My rating: 5 of 5 stars
Four centuries. Four families. One delicious treat. The recipe for Blackberry Fool is made over the centuries with the same ingredients. But we see the changes in how they get the ingredients, the tools they use to make it, how long it takes, who is making it… and who gets it eat it.
The notes from both author and illustrator at the end of the book really put this book over the top for me. Jenkins goes into detail about the research she undertook and the deliberate decisions she made to show slavery and the feminization of domestic work. Likewise, Blackall talks about the research she did to show the differences in clothing, season and location, and emotional state of those making, eating, and serving such a fine dessert. Her illustrations are perfect and delicate.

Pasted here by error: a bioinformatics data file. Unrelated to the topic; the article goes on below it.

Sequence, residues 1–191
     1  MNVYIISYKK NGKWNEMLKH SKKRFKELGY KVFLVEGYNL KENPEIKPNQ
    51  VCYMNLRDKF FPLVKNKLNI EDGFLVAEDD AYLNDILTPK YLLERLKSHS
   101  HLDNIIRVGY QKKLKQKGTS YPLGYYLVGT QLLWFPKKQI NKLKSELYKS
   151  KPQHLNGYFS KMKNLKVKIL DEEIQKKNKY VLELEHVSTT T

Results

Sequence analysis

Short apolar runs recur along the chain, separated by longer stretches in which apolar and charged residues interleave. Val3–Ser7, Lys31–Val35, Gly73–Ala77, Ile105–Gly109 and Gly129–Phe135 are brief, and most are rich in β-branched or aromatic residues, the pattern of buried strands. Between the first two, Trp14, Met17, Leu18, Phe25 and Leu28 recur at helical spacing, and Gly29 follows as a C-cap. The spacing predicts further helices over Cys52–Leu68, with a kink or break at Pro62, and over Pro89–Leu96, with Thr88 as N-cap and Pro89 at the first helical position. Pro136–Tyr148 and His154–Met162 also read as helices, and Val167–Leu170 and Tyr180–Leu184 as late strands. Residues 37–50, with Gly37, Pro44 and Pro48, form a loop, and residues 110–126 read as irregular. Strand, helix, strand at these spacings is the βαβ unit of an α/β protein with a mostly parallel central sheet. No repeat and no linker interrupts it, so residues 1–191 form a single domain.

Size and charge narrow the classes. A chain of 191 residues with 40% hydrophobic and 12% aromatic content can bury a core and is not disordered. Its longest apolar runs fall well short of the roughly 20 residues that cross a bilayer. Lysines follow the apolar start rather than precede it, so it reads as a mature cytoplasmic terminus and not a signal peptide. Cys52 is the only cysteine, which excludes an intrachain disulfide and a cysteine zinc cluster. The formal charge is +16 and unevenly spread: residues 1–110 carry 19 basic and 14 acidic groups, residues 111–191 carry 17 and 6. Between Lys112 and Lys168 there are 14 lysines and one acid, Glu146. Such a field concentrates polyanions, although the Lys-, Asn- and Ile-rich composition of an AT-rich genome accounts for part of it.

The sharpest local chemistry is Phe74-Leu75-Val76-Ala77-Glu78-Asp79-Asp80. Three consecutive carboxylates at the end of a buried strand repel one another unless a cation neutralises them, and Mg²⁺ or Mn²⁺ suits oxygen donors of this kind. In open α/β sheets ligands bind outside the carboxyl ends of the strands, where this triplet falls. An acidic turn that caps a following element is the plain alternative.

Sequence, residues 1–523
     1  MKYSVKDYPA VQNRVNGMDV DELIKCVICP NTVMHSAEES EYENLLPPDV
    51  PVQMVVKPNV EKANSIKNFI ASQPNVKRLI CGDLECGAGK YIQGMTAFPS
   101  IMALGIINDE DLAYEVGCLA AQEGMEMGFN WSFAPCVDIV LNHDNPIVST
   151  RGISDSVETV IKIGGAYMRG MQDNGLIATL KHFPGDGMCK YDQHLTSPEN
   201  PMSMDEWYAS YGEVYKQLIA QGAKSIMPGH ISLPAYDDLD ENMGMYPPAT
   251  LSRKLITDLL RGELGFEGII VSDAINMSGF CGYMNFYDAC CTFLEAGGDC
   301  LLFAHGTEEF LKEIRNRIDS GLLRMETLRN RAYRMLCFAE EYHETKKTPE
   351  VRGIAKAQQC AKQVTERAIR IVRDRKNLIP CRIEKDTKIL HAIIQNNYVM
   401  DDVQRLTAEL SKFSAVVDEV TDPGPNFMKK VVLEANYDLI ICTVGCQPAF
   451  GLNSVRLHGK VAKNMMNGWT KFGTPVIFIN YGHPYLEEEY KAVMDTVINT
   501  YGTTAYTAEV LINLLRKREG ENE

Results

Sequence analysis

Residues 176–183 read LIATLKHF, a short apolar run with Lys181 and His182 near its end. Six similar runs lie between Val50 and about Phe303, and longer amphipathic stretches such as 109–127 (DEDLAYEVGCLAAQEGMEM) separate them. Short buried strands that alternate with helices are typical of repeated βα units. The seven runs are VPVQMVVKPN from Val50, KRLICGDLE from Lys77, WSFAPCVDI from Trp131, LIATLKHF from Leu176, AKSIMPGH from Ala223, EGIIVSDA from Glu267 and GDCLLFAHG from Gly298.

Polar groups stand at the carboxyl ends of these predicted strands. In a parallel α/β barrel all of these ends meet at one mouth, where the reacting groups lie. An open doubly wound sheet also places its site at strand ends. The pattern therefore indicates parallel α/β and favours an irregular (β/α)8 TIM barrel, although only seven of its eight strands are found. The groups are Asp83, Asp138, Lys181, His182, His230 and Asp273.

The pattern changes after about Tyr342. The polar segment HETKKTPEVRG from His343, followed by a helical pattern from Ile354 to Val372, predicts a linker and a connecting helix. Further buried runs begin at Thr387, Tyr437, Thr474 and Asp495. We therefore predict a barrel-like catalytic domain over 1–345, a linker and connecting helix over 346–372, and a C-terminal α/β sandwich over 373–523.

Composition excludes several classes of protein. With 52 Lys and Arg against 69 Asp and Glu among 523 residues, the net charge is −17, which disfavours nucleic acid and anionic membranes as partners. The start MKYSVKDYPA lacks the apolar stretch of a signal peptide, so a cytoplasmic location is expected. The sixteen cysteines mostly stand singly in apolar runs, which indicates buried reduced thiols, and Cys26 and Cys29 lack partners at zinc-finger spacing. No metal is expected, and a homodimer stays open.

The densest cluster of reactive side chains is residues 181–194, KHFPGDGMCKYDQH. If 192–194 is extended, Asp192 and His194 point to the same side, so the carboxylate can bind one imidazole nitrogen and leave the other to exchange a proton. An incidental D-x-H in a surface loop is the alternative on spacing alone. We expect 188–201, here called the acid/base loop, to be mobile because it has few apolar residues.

Blackall painted the endpapers with blackberry juice, guys.
My picture doesn’t do them justice. Once I knew it was blackberry juice I wanted to lick the page!
From her note:
“After I’d painted the last dot on the last page, I squished blackberries through a sieve with a spoon and used the purple juice to paint the endpapers. With the leftover blackberries, I made the fine dessert and I served it to my family. And the very last thing I did? I licked the bowl.”
The recipe for Blackberry Fool in the back of the book! My daughter , my son, and I made it together and it WAS a fine dessert! Perfect for a hot Texas summer. One delicious book!